DECLARE @dateTimeNow DATETIME ='2019-07-01'    /*yyyy-MM-dd*/
--DECLARE @dateTimeNow DATETIME = GETDATE();   /*now*/

SELECT
   [StartDate] = DATEADD(yy, DATEDIFF(yy, 0, @dateTimeNow), 0),
   [EndDate] = DATEADD(yy, DATEDIFF(yy, 0, @dateTimeNow) + 1, -1)
SELECT 
    [StartDateTime] = DATEADD(yy, DATEDIFF(yy, 0, @dateTimeNow), 0),
    [EndDateTime] = DATEADD(s, -1, DATEADD(yy, DATEDIFF(yy, 0, @dateTimeNow) + 1, 0))

Populate Years With Range

Generating a year list with a yearly range:

DECLARE @startDateTime DATETIME ='2017-12-17 03:20:00', _
        @endDateTime DATETIME ='2019-12-19 04:20:00';

WITH Years([Date])
AS 
(
    SELECT [Date] = @startDateTime 
         UNION ALL
         SELECT DATEADD(YEAR, 1, [Date]) 
             FROM   Years 
             WHERE  DATEADD(YEAR, 1, [Date]) <= @endDateTime
), 
YearRange([Date], [StartDateTime], [EndDateTime])
AS
(
    SELECT 
        [Date],
        DATEADD(yy, DATEDIFF(yy, 0, [Date]), 0),
        DATEADD(s, -1, DATEADD(yy, DATEDIFF(yy, 0, [Date]) + 1, 0))
        FROM Years 
)
SELECT * 
    FROM   YearRange 
    OPTION (MAXRECURSION 0)

DateTime Function

After repeating the same code multiple times, I was wondering why not create a date time helper function to find the start/end date time. So here we have it.

Create Function

IF OBJECT_ID(N'DateTimePart', N'FN') IS NOT NULL
    DROP FUNCTION DateTimePart;
GO
CREATE FUNCTION DateTimePart(@dateTime DATETIME, @startOrEnd VARCHAR(10))
RETURNS DATETIME
AS 
BEGIN
    /*validations*/
    IF @dateTime IS NULL
    BEGIN
        RETURN @dateTime;
    END
    IF @startOrEnd NOT IN('Start', 'End')
    BEGIN
        RETURN CAST('@startOrEnd should be IN(Start, End)' AS INT);
    END

    /*result*/
    DECLARE @result DATETIME;
    SELECT @result =
        CASE @startOrEnd
            WHEN 'Start' THEN DATEADD(DAY, DATEDIFF(DAY, 0, @dateTime), 0)
            WHEN 'End'    THEN DATEADD(SECOND, -1, _
                          DATEADD(DAY, DATEDIFF(DAY, 0, @dateTime) + 1, 0))
        END;

    RETURN @result;
END

Using Function

DECLARE @dateTime DATETIME ='2019-12-01 17:20:00' /*yyyy-MM-dd HH:mm:ss*/
SELECT 
    [DateTime] = @dateTime,
    [StartDateTime] = dbo.DateTimePart(@dateTime, 'start'),
    [EndDateTime] = dbo.DateTimePart(@dateTime, 'end');

Others

DateTime Now

SELECT
    [Local] = GETDATE(),
    [Utc] = GETUTCDATE();

DateTime To Date

SELECT 
    [Date] = CONVERT(DATE, GETDATE()),    --CONVERT(DATE, GETDATE(), 101)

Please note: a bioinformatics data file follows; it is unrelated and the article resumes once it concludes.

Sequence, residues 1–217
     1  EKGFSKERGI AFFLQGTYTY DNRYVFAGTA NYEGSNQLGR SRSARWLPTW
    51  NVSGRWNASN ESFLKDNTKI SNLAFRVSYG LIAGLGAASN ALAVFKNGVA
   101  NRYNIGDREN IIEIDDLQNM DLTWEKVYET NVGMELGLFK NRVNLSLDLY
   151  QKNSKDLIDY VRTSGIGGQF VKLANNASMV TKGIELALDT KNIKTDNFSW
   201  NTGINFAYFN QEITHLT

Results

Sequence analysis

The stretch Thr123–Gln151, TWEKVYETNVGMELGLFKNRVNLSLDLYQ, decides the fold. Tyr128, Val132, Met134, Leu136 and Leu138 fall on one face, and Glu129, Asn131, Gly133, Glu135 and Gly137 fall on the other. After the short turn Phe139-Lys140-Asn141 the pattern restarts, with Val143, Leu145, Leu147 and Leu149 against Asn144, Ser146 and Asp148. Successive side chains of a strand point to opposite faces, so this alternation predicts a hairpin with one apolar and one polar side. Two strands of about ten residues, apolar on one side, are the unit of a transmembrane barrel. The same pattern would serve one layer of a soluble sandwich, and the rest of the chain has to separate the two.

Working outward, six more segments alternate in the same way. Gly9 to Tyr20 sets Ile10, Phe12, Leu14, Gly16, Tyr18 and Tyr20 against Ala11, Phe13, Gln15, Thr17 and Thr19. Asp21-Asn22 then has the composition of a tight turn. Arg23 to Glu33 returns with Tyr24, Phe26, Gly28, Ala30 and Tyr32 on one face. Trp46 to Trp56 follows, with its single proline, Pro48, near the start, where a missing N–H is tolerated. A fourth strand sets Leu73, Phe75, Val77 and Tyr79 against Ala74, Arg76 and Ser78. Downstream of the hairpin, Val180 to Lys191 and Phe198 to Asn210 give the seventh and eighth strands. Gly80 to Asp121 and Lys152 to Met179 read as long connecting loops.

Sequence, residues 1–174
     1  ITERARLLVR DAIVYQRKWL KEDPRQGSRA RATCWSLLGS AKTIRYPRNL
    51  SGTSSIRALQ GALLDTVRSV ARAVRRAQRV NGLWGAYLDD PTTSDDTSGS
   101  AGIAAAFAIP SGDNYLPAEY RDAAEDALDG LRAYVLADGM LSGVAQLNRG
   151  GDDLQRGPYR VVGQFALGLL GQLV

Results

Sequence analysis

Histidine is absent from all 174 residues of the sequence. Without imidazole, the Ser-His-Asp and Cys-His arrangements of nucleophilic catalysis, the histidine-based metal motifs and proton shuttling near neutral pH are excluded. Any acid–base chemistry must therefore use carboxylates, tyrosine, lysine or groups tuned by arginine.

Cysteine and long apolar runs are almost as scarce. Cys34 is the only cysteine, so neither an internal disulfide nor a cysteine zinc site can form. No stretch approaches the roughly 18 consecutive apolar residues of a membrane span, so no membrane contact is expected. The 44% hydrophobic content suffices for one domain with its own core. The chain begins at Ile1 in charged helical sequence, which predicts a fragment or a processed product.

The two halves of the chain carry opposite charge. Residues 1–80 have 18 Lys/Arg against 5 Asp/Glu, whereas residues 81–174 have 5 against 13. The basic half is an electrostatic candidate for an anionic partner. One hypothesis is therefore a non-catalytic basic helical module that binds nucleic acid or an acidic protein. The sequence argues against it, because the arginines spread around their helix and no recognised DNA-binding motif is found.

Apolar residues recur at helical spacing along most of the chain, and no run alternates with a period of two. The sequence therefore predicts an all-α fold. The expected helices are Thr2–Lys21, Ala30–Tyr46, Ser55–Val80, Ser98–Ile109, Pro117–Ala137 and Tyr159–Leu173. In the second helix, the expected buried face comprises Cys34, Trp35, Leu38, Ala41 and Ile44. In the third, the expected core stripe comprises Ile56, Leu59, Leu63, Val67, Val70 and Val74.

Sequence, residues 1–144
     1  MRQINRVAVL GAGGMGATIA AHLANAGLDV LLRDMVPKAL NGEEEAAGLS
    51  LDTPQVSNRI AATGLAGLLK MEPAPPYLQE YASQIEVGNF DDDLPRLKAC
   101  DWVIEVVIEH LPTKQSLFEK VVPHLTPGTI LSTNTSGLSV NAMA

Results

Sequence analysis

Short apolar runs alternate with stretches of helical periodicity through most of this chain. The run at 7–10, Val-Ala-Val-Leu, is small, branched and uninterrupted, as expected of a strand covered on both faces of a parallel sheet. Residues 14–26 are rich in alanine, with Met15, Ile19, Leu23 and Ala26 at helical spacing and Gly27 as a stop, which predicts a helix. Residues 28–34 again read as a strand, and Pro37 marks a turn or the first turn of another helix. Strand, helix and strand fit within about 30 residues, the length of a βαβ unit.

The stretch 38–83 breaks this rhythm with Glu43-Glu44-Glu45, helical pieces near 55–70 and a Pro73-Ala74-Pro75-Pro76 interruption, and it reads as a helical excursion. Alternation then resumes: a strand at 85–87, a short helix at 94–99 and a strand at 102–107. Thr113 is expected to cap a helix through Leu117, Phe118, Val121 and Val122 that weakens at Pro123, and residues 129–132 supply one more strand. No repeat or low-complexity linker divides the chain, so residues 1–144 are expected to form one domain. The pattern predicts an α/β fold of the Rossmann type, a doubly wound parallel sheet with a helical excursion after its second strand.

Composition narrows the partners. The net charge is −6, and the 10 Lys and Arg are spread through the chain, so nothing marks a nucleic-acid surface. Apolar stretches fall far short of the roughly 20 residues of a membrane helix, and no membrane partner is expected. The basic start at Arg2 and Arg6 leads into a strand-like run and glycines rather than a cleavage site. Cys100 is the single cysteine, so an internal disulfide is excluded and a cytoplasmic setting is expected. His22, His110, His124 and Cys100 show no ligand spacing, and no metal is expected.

[Date] = CAST(GETDATE() AS DATE),
    [DateTime] = DATEADD(dd, DATEDIFF(dd, 0, GETDATE()), 0);    --DAY

Day, Month, Year Detail

Name
SELECT 
    [Day] = DATENAME(WEEKDAY, GETDATE()),
    [Month] = DATENAME(MONTH, GETDATE()),
    [Year] = DATENAME(YEAR, GETDATE()); 
Number
SELECT 
    [Day] = DATEPART(WEEKDAY, GETDATE()),
    [Month] = DATEPART(MONTH, GETDATE()),
    [Year] = DATEPART(YEAR, GETDATE()); 

Add To Date

Adding a Day
SELECT
    [Today] = GETDATE(),
    [TodayPlusOneDayUsingFunction] = DATEADD(dd, 1, GETDATE()),    /*addsing one day*/
    [TodayPlusOneDayUsingOperator] = GETDATE() + 1;                /*addsing one day*/
Deducing a Second
SELECT 
    [NowDateTime] = GETDATE(),
    [StatDateTime] =  DATEADD(DAY, DATEDIFF(DAY, 0, GETDATE()), 0), /*removing time details*/
    [EndDateTime] = DATEADD(SECOND, -1, _
     DATEADD(DAY, DATEDIFF(DAY, 0, GETDATE()) + 1, 0));    /*removing time details, 
                                       adding one date(+1), deducting one second(-1)*/
Deduction Millisecond

To add/deduct MILLISECOND/MICROSECOND/NANOSECOND, it is better to cast source/result to DATETIME2 object rather than DATETIME.

SELECT 
    [NowDateTime] = GETDATE(),
    DATEADD(MILLISECOND, -1, DATEADD(DAY, DATEDIFF(DAY, 0, GETDATE()) + 1, 0)),  /*not 
                                                        as expected, went to next date*/
    /*
        MICROSECOND, MICROSECOND, NANOSECOND need DATETIME2, 
        better to use DATETIME2 data type
        Datetime2 Vs Datetime: 
        https://stackoverflow.com/questions/1334143/datetime2-vs-datetime-in-sql-server
    */
    DATEADD(MILLISECOND, -1, CAST(DATEADD(DAY, _
            DATEDIFF(DAY, 0, GETDATE()) + 1, 0) AS DATETIME2)),
     DATEADD(MICROSECOND, -1, CAST(DATEADD(DAY, _
             DATEDIFF(DAY, 0, GETDATE()) + 1, 0) AS DATETIME2)),
    DATEADD(NANOSECOND, -1, CAST(DATEADD(DAY, _
            DATEDIFF(DAY, 0, GETDATE()) + 1, 0) AS DATETIME2));

Group By Date

DECLARE @tblTest TABLE(AddDateTime DATETIME NOT NULL);
INSERT 
    INTO @tblTest 
    VALUES 
    /*yyyy-MM-dd hh:mm:ss*/
    ('2019-04-17 03:20:00'),
    ('2019-04-17 04:20:00'),
    ('2019-04-16 03:20:00'),
    ('2019-04-16 04:20:00')
SELECT 
    [Date] = DATEADD(dd, DATEDIFF(dd, 0, AddDateTime), 0), 
    [Total] = COUNT(AddDateTime)
    FROM @tblTest
    GROUP BY DATEADD(dd, DATEDIFF(dd, 0, AddDateTime), 0);

Limitations

The code may throw unexpected errors for untested inputs. If any, just let me know.

History

  • 11th July, 2019: Initial version

License

This article, along with any associated source code and files, is licensed under The Code Project Open License (CPOL)

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About the Author

DiponRoy
Bangladesh Bangladesh
No Biography provided

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NeverJustHere12hrs 24mins ago
memberNeverJustHere12hrs 24mins ago 

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Article
Posted 11 Jul 2019